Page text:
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Dogs and travel anxiety

Themes :
anxiety dog travel
Published on 29 June 2022

Our dogs trust us but sometimes they simply don´t like something they’re going to have to do. Travelling can be one of the things that dogs hate the most.


Your best friend doesn’t understand you’re taking them with you on holiday or out for a day trip for their enjoyment. All they know is that they have to get into that little metal box and it’s not going to be fun.


So what can you do if travelling with your dog is unavoidable? This article will show you how to help a dog with travel anxiety, so everyone has a relaxing time.

Why do dogs suffer from travel anxiety?


Whilst some dogs love a trip out in the car, on a train or bus others have an enormous fear of travelling.


Dog travel anxiety can be because the animal doesn´t understand what is happening and may associate travelling with a previous bad experience. They may have been sick on a past journey or have been left alone, not knowing if their owner will return.


Just like people, dogs can suffer from travel sickness. Whilst this may be due to an imbalance in the inner ear, it could also be from habit. Your dog remembers they don´t like going in the car and their reaction is to vomit. They’re not doing this on purpose, it’s just their way of showing they’re not happy.


Another reason for dog anxiety in car travel could be that your dog has been in a road accident. You may not be aware of this if it happened before you became their owner and they may have suffered physical and emotional trauma.


If your dog has the free run of the house, they could be scared of being in the small space of a vehicle as they can´t escape. This feeling is similar to a human panic attack when we experience the ‘fight or flight’ syndrome. All dogs should be restrained in a moving vehicle for their own safety, but they may find the dog seat belt or cage restricting and try to escape.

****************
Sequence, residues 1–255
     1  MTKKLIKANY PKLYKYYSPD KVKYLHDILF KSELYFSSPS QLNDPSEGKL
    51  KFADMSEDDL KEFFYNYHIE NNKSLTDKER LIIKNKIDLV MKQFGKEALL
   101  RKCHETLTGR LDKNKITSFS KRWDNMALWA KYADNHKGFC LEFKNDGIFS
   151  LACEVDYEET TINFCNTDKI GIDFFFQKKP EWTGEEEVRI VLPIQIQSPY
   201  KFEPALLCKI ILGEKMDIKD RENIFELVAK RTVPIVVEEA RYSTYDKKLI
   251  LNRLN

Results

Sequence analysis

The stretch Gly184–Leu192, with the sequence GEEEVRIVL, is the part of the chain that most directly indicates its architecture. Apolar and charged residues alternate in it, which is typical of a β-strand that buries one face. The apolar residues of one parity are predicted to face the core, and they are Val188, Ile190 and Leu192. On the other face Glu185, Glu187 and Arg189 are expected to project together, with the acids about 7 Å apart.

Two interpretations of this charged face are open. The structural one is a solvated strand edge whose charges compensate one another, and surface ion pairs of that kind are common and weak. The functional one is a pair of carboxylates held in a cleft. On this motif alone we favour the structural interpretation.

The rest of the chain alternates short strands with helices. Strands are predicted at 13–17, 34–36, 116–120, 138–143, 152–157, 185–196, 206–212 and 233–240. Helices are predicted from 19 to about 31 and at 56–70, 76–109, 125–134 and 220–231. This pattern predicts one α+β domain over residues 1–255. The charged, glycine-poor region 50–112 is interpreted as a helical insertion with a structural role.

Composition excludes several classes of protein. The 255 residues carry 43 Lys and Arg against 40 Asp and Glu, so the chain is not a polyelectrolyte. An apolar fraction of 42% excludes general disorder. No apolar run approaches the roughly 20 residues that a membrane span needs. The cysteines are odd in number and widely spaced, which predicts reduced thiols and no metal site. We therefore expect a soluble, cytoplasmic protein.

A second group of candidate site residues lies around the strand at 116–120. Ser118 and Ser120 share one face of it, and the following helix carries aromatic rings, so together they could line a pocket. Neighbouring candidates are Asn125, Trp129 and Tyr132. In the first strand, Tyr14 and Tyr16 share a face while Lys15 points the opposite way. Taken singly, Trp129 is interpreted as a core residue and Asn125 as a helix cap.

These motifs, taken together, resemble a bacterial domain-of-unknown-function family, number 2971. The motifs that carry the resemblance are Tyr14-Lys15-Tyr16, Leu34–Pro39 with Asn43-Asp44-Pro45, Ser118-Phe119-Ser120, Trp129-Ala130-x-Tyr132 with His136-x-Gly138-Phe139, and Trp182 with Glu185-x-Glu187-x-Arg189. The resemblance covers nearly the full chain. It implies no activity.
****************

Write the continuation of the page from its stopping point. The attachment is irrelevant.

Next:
A previous trip to the vet may also be a reason your dog feels stressed about travel. They might associate going anywhere near the car with pain or a distressing experience. If they don´t like the vet or the car you have a double problem to deal with.


One of the other main reasons travel can be a problem for dogs is that they can link it with being separated from you. This could be due to a stay at the kennels or with friends when you’ve been on holiday in the past. A little patience and understanding will be needed to convince your dog they’re lucky to be coming with you this time.

The signs of dog travel anxiety


As well as being sick a dog may show other signs of not wanting to join you on the trip. These can be:


  • severe shaking
  • pulling on the lead
  • running away and hiding
  • putting their tail between their legs
  • becoming aggressive and even biting
  • incessant barking
  • panting excessively


Learn to recognise these signs and make the journey a fun event, rather than something that will cause stress for everyone. You’ll need patience, but your pet will eventually get over their dog anxiety while travelling.

How to help your dog overcome their travel anxiety


There will be times when your dog has to travel in the car or on public transport, whether to visit the vet or for a longer trip. If your dog is happy, you’ll be happy too so it’s important to do all you can to get your dog used to travelling. Here are some ideas to help calm dogs with travel anxiety: